While it may seem desirable to identify views purely by their name – this is actually counter productive. When reorganising a database, it is often convenient to temporarily replace some tables with views instead and maintain interface compatibility. In other words, it is in the interest of the DBA to prevent consumers of the database from distinguishing between views and tables. While these solutions are often meant to be temporary, they will often stick around for a long time. Because of this, it is not advisable to name views in such a way that they can be identified as views.

Column Conventions

Use singular naming of columns and follow the rules for tables

See the argument for table naming

When a colum represents a collection (breaking of normalisation rules), use plural

This is the sole example of when plural naming makes sense. For example, consider the case of a Person table with multiple salutations stores in a comma seperated varchar. While this is normally bad practise, doing this may make sense from a performance perspective. In this example, the list of salutations should be named Salutations.

Name bit columns with the prefix Is in such a way that it is clear what the bit expresses.

Name bit columns in such a way that that the value 1/true is the non default state of the domain. Set the default value to 0.

The rule really say: 0 is the most common value and 1 is the “unusual” state.

  • Prefer IsDisabled over IsEnabled when the enabled state is most common
  • Prefer IsUnknown over IsKnown when most values are known

Reverse the rule

This rule could be applied in reverse. Like left and right side driving – it’s a matter of picking one or the other.

Make bit columns NOT NULL and give them a default value

A lot of client application programmers struggle with NULL semantics. For bit columns, this becomes even harder to deal with, especially for languages that have the boolean data type. It is easier to simply disallow NULL bits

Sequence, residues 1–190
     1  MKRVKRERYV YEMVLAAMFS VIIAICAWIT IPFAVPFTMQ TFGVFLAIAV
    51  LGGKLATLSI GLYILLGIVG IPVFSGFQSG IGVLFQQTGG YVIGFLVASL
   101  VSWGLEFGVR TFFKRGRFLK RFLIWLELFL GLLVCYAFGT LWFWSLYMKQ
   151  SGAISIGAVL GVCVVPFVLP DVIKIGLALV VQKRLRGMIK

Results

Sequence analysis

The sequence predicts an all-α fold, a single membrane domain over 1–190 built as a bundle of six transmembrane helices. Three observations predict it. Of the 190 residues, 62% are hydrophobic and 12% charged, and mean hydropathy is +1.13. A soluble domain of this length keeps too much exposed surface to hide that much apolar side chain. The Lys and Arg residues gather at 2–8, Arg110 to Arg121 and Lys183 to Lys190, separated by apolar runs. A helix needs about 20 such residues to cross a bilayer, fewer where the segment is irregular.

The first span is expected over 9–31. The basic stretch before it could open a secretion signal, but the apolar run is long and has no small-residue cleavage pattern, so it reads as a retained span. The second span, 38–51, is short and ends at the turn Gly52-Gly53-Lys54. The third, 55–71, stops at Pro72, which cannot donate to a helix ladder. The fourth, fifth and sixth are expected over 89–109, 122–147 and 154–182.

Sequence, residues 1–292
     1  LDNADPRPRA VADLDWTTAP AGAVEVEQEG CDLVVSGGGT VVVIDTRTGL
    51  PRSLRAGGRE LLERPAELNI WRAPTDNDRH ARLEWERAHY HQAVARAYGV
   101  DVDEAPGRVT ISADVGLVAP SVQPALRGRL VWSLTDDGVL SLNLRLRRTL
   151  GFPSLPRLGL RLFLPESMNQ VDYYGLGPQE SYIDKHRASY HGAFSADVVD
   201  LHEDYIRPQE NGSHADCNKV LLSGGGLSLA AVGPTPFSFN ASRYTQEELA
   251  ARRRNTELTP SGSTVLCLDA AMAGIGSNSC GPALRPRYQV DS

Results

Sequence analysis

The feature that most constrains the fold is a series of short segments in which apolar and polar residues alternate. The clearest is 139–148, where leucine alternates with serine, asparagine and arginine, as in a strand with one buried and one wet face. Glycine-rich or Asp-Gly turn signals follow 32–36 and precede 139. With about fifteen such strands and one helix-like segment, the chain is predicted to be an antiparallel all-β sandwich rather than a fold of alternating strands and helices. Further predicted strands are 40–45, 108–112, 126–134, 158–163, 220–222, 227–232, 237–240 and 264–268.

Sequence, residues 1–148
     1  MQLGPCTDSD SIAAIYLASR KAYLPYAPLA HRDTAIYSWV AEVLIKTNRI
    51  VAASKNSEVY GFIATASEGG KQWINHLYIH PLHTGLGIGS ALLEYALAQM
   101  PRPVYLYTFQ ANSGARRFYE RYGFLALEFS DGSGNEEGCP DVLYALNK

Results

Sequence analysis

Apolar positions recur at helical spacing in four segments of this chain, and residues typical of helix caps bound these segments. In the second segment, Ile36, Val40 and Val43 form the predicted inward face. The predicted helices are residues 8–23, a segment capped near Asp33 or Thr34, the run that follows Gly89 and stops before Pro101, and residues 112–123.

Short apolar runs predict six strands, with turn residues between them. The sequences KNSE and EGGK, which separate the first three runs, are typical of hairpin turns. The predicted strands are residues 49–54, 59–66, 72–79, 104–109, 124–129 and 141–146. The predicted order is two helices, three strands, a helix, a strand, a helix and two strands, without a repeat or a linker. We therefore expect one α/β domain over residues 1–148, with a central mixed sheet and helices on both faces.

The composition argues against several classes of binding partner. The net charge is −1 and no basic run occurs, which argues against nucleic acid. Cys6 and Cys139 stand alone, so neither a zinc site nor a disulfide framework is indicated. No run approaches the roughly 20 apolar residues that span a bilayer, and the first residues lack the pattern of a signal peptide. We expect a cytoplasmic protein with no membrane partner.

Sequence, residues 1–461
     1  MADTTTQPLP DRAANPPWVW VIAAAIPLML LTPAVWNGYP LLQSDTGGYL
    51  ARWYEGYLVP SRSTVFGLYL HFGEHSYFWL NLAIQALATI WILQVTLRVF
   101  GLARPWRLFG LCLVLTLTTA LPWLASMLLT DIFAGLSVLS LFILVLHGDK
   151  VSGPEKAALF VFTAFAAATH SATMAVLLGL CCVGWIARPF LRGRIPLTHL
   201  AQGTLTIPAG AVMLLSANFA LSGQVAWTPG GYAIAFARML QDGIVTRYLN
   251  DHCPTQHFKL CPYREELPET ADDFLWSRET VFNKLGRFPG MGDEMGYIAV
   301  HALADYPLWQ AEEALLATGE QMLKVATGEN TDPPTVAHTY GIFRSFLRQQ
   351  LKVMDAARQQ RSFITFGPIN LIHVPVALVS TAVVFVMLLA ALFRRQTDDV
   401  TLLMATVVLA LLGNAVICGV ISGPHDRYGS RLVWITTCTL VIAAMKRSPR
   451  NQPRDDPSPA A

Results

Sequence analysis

Prefer NOT NULL char/varchar with defaults of ” (the empty string) over NULL’able strings

The NULL semantics of string concatenation in database is not only inconsistent between database vendors (for example, compare the SQL Server and Oracle implementation) it is also looks nothing like what a non-SQL programmer expects to see. Because of this, it is generally easier to simply not use NULL strings when possible

Oracle DBA may choose to make the default a single spaces due to the odd implementation of empty strings in Oracle (which are undefined, not zero length strings). For a detailed discussion on this topic see: VARCHAR2: NULL value vs Empty String

For small character values (example, currenty symbols), disallowing NULL has the additional benefit for being more space and speed efficient.

Allow NULL in some form or another

There is a lot of theoretical discussion about the usage of NULL and 3-component logic. While it’s great to feel all smug in our DBA ivory towers – the reality is that programmers struggle with NULL semantics. Since there really isn’t much difference in what you can do either with NULL strings or without them – why not pick the least confusing implementation

Name the key of the table: ID_[table]

This makes it easy to auto generate/discover the name of the key column

Index Conventions

Indexes, unlike tables and column, should be prefixed with the type they are.

Indexes only become visible when tuning the database. When doing this, it is immensely convenient to be able to see the type of the index from the name

Index TypePrefixNotes
Clustered IndexCX_Also known as the "primary" index.
Unique, Clustered IndexUCX_
Regular IndexIX_
Unique, regular indexUIX_
Index enforcing primary keyPK_
Column Store IndexCS_
Clustered Column Store IndexCCS_For database where all column stores are clustered, drop the first C of this prefix
Filtered IndexFIX_

Constraint and Trigger Conventions

Trigger and constraints should be prefixed by their type

To avoid name clashing with tables and columns, it is useful to prefix the constraints and triggers in them

TypePrefix
Update TriggerUTR_
Delete TriggerDTR_
Insert TriggerITR_
Check ConstraintCK_
Foreign Key ConstraintFK_
Primary Key ConstraintPK_
Alternate/Unique Key ConstrantAK_

Name check constraints CK_[Table]_[Rule]

[Table] Is the name of the table the constraint belongs to. This helps avoid naming conflicts.

[Rule] is chosen in such a way that it describes what the check constraint does

Name foreign key constraints FK_[Table]_[Table Referenced]

[Table] Is the name of the table the constraint belongs to. This helps avoid naming conflicts.

[Table Referenced] is the table referenced. If you have followed the previous guidance, it is trivial to determine which column is pointed at.